Average inventory level fell from 40 days to fewer than 5 days, resulting in no room for error, Commerce Secretary Gina Raimondo said in a briefing with reporters discussing the findings of the report. The median demand for chips was 17 percent higher in 2021 than in 2019, coupled with disproportionate increases in supply.

Disruption in the supply of semiconductors, which plays a key factor in determining the country’s inflation level, could threaten to help swing Congress to Republican control in November’s midterm elections.

Many firms have been recently expanding their operations in the US, with Intel Corp. announcing it is building the world’s biggest silicon-manufacturing site in Columbus, Ohio, worth $20 billion, and expected to become operational in 2025.


Saudi, Iraq electrical connection to generate 1GW of power

Saudi, Iraq electrical connection to generate 1GW of power
Updated 26 January 2022

Saudi, Iraq electrical connection to generate 1GW of power

Saudi, Iraq electrical connection to generate 1GW of power

RIYADH: Saudi Energy Minister Prince Abdulaziz bin Salman announced that the electrical connection between Saudi Arabia and Iraq will generate one gigawatt of power initially, according to the Iraqi News Agency.

This comes after Iraq has signed a memorandum of understanding regarding the matter with the Saudi side.

Nevertheless, “the Iraqi-Saudi cooperation is not limited to the electrical connection only, but rather it is the beginning of a joint collective action,” Iraqi News Agency reported, citing the Prince.

Bilateral models need to be further developed and strengthened on a regional and Arab scale, he added.


Lebanon’s new electricity deal with Syria and Jordan is a long way from being switched on

Lebanon’s new electricity deal with Syria and Jordan is a long way from being switched on
Updated 26 January 2022

Lebanon’s new electricity deal with Syria and Jordan is a long way from being switched on

Lebanon’s new electricity deal with Syria and Jordan is a long way from being switched on

Plagued by constant power shortages, Lebanon’s new agreement with Jordan and Syria could be seen as a turning point for the energy-poor nation.

Yet the deal — which will see electricity flow from Syria — will not provide an immediate solution to the country’s energy problems, according to Lebanese oil and gas expert Laury Hatayan.

Speaking to Arab News, Hatayan says there are still plenty of hurdles to jump before the agreement — brokered by the US and expected to be partially financed by the World Bank — begins to help the country with its power outages.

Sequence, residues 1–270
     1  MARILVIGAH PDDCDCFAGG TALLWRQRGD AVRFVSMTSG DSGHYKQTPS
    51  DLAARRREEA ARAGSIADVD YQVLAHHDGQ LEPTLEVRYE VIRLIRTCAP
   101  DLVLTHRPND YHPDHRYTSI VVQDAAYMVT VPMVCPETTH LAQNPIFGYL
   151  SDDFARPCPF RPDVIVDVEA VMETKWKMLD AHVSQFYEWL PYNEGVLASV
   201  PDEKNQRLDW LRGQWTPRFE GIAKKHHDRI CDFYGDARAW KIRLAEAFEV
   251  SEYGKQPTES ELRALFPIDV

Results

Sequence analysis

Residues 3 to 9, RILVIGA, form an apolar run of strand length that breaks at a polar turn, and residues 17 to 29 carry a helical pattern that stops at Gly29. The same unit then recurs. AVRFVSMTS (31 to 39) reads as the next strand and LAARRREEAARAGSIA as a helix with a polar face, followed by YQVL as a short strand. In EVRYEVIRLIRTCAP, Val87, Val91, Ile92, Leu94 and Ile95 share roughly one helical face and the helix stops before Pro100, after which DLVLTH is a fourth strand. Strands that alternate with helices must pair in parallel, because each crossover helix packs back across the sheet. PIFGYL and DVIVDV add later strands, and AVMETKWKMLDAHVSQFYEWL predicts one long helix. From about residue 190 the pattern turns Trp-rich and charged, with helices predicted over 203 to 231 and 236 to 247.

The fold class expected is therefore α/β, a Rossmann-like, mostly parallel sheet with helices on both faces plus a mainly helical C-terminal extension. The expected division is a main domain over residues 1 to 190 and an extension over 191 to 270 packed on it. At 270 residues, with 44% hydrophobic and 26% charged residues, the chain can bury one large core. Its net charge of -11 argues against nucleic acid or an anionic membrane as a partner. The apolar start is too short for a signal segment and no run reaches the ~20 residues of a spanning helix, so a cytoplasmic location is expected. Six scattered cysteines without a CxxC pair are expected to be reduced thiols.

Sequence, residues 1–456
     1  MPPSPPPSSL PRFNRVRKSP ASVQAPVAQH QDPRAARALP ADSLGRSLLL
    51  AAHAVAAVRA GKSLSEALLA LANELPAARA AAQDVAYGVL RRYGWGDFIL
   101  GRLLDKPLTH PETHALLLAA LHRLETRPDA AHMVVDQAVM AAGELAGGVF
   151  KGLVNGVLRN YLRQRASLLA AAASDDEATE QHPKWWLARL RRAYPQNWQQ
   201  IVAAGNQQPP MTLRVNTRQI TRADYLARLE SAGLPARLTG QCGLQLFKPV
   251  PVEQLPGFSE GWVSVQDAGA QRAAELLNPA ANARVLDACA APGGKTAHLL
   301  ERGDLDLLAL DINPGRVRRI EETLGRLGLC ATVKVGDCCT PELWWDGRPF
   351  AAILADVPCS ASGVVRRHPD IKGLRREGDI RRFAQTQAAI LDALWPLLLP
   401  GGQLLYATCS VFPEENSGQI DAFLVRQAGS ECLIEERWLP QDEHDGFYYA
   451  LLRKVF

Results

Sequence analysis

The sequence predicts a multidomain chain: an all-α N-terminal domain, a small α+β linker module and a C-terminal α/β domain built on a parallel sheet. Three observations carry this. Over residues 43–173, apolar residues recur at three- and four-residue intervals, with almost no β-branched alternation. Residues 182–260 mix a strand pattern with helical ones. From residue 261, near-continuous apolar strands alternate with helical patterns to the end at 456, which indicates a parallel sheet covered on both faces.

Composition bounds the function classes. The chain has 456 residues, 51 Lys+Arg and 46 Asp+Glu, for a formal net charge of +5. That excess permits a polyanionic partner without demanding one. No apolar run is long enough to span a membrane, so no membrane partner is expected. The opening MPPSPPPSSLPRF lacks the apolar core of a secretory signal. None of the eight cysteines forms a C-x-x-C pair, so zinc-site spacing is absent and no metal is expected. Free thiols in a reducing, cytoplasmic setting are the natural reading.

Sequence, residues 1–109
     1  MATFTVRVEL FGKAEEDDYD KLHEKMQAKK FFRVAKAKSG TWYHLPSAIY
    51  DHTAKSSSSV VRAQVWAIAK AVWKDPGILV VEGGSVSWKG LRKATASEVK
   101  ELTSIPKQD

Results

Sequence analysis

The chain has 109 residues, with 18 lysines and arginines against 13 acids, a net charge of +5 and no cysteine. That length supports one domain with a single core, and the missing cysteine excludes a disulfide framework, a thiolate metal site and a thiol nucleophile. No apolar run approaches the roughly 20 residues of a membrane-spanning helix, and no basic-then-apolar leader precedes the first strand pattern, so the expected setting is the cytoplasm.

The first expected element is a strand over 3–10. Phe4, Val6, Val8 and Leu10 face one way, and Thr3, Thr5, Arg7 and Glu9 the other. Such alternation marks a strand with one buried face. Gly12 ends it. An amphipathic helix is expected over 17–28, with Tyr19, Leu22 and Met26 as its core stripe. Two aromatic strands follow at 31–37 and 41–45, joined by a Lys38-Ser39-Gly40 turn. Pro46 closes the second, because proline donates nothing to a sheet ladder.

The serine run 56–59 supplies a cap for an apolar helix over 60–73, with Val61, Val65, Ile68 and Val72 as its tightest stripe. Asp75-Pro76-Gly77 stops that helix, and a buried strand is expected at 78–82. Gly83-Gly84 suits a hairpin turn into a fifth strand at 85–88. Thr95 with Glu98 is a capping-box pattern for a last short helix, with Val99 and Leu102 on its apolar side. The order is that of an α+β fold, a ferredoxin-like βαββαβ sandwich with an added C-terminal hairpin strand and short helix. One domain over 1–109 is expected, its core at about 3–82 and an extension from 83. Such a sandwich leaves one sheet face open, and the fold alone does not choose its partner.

“The deal doesn’t mean Lebanon will be provided with electricity tomorrow, as we are hearing that the World Bank has conditioned finalizing the arrangement on reforms to the electricity sector,” Hatayan said.   

The deal would supply Lebanon with 700 Megawatts of electricity in total: 250MW from Jordan and 450MW from Egypt.

With the Iraqi fuel supplies that have already kicked in and future supply by Egypt, Lebanon will be able to get a total of 10 hours of electricity per day.

This much-needed boost does not come without strings attached, according to Marc Ayoub, energy researcher and program coordinator at the American University of Beirut’s Issam Fares Institute.

“The World Bank is asking for a comprehensive reform plan of the electricity sector including loss reductions, improving bill collection and increasing electricity tariffs,” he said.

The World Bank’s regional director, Saroj Kumar Jha, has said that the exact amount of financing has not yet been determined, but the government’s initial request was $250 million, he told L’Orient Today.

Lebanon will also have to conduct repairs to the Lebanese side of a pipeline needed to import gas from Egypt, at a cost of $1million.

Additionally, Jordanian electricity to Lebanon will come at a cost of $200 million a year. 

Other hurdles are political in nature, such as US sanctions on Syria. Washington has so far ensured regional players that the deal does not fall under the Caesar Act sanctions or other US sanctions on Syria because the Syrian government will not receive any financial compensation but will be paid in kind.   

“The Egyptians are keen on getting guarantees against the Cesar Act. The Jordanians are not as wary given their strategic relations with the US,” adds Hatayan.

The deal and any electricity reforms must be approved by Parliament, which is known for its inefficiency and dissensions. 

The announcement by former PM Saad Hariri of his plan to retire from political life has cast doubt as to the fate of his current political bloc. Hariri heads the Future movement, the biggest Sunni bloc in parliament.

“For now, no reforms mean no money and deals can remain just deals (without being implemented),” highlights Hatayan.

If financing is finally secured Ayoub believes that Jordanian electricity is expected to flow to Lebanon by April or May.